Woolworths warns banks over net fraud

Lack of timely bank protection for e-tailers against fraud could stymie the growth of internet shopping or force retailers to take the law into their own hands, says one large player.

Lack of timely bank protection for retailers against fraud on the internet could stymie the growth of internet shopping or force retailers to take the law into their own hands, says one large retailer.

If a buyer operates with a stolen physical credit card, the process of notification by the owner to the bank and on to retailers is fairly swift, says Woolworths e-commerce manager Richard Harrison, because the card's legitimate owner usually tells the bank quickly. But if the offender has simply noted down a credit card number without stealing the card, the process takes much longer.

With internet fraud the true owner of the number will only detect an unaccounted-for transaction on a monthly card statement. The bank has to then check that out. If the transaction proves fraudulent, the bank notifies the retailer involved and other merchants. The time between transaction and notification can be as long as two or three months, says Harrison – “by that time, the trail’s gone cold”, and the retailer cannot find the original buyer. This means the retailer has to bear the cost of the transaction.

Harrison says banks charge a higher fee for processing an electronic transaction than a manual one; they explain that as a measure of the increased risk inherent in electronic buying and selling compared to bricks-and-mortar trade. “But then if there’s a fraud, we end up paying the cost of it anyway, so we’re effectively being charged twice,” Harrison says.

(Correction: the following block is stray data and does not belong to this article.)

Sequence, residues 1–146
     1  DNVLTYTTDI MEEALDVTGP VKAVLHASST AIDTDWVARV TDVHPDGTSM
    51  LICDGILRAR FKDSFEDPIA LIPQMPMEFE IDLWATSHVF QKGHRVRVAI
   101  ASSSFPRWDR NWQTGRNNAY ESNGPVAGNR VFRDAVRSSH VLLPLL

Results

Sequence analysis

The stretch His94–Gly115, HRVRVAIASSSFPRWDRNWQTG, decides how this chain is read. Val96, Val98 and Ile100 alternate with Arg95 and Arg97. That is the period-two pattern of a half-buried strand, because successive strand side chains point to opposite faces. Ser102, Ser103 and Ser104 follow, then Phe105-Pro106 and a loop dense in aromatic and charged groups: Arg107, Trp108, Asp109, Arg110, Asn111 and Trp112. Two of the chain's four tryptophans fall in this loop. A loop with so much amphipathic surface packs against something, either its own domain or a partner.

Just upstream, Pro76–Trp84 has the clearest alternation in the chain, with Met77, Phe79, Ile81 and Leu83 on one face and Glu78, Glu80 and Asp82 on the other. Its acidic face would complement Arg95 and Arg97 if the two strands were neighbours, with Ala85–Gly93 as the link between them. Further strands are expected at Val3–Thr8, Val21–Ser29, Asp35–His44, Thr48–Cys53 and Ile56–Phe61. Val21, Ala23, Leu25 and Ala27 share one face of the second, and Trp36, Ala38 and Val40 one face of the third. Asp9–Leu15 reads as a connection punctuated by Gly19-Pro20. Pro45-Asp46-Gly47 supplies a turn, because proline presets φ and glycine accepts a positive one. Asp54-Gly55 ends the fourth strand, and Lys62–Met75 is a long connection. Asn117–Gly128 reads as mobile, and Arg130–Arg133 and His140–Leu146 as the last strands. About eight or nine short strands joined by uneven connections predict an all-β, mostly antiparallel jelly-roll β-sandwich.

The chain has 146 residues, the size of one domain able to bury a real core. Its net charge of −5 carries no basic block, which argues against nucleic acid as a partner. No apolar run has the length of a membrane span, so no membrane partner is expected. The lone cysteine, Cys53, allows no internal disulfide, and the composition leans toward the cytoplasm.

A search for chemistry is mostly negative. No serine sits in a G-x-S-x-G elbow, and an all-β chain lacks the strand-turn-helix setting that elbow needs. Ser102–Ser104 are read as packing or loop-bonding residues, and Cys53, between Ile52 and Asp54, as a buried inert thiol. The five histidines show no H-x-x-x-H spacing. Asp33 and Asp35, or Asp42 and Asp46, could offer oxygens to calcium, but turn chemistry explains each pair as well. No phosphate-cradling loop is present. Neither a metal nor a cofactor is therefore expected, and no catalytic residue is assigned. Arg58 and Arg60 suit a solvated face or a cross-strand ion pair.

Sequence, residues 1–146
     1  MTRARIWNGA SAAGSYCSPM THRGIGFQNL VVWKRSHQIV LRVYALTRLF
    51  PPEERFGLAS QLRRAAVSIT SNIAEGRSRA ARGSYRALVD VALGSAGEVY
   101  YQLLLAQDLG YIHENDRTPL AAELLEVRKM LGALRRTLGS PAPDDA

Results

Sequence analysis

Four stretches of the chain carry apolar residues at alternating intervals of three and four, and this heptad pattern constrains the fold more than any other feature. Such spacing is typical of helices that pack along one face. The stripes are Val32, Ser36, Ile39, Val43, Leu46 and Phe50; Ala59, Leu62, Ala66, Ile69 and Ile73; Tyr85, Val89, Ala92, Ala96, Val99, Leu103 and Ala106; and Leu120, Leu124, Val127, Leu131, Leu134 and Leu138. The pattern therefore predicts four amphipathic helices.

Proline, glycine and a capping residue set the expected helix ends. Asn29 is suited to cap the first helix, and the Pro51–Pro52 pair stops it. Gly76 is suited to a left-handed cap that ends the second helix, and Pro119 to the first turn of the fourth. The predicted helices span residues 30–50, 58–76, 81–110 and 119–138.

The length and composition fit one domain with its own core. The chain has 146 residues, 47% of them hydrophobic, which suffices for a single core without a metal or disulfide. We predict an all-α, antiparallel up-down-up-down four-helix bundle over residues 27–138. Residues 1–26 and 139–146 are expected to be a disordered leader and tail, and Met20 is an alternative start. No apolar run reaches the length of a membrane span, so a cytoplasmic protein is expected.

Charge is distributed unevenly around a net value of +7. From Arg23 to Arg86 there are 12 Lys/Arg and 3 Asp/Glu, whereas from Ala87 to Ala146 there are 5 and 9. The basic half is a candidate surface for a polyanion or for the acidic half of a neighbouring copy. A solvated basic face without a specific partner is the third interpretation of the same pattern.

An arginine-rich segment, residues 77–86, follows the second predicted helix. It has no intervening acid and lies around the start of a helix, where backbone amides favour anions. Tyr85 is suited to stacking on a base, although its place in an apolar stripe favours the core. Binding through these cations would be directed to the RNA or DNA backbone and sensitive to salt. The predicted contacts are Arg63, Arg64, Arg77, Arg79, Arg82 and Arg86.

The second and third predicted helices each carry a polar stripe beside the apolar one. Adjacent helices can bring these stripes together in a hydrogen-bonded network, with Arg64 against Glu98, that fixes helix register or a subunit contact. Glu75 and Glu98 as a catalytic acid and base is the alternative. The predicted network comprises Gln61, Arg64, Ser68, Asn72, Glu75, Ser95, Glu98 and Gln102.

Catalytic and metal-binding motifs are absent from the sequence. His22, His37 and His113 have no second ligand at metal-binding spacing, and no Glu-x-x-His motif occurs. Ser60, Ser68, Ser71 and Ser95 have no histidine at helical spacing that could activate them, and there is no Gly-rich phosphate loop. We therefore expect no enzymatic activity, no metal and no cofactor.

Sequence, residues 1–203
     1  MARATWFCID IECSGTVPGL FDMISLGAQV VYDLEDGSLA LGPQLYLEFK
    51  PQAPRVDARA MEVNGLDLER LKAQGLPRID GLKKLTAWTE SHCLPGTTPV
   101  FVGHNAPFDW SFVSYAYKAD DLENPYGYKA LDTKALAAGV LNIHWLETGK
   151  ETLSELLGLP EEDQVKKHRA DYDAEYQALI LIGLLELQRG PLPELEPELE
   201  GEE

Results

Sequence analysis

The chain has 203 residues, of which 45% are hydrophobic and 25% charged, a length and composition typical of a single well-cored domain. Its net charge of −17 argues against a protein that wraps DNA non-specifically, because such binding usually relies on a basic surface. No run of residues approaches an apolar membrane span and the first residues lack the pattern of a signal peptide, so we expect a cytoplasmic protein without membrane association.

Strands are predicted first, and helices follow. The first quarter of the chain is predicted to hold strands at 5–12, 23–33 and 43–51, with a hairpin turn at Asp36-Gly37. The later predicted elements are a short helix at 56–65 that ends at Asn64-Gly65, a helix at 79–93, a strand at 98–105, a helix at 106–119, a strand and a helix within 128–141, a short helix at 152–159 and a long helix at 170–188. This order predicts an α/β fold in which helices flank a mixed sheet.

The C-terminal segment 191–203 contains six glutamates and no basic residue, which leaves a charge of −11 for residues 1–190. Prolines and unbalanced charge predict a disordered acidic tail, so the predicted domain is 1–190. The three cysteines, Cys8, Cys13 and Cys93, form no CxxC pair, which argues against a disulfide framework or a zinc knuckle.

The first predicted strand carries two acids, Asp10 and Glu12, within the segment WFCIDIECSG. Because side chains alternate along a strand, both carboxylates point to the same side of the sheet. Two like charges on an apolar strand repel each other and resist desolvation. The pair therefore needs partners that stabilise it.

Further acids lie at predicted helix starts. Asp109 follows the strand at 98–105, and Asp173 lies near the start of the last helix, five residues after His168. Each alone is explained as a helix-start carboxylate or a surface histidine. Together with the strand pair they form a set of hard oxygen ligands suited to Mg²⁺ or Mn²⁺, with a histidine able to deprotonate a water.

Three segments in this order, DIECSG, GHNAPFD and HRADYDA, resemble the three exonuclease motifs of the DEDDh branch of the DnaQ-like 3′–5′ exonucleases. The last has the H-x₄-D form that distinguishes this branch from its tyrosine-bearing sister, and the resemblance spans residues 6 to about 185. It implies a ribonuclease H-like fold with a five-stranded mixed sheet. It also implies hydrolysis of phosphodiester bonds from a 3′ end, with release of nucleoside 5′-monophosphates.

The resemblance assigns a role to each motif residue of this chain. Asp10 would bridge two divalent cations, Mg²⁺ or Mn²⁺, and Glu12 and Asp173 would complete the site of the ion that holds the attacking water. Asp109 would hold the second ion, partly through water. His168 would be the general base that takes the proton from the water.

Woolworths tries to minimise the risk by “profiling” the characteristics of people who have signed up to its electronic channel and put through fraudulent transactions. Any new subscriber with similar characteristics is checked out extra carefully. Harrison has described to Computerworld some of the characteristics Woolworths looks for, but does not want them published for obvious reasons.

He says, though, that the number of defaulters on direct debit arrangments currently exceeds those operating with credit cards.

He doubts whether the time lag in notification can be reduced, as it relies on the customer’s speed of response. He suggests rather that the banks put in more effort up front, perhaps by requiring a PIN to be attached to every credit card and required to process any transaction.

Card issuers have recently introduced a modicum of increased protection against misusers of credit card slips by including another three or four digits after the card number, printed on the back of the card, where it makes no impression on the slip. But if someone gets a chance to handle the physical card, they can note down that number, Harrison says. “What we need is a number that is known only to the legitimate cardholder.”

If the banks don’t tackle the problem, retailers may be forced to take unilateral action and begin swapping dubious credit card numbers among themselves without the banks’ aid, he says - adding that this would obviously raise serious privacy concerns.

But if something is not done, the proportion of merchants willing to accept online transactions may level off or even shrink, says Harrison.

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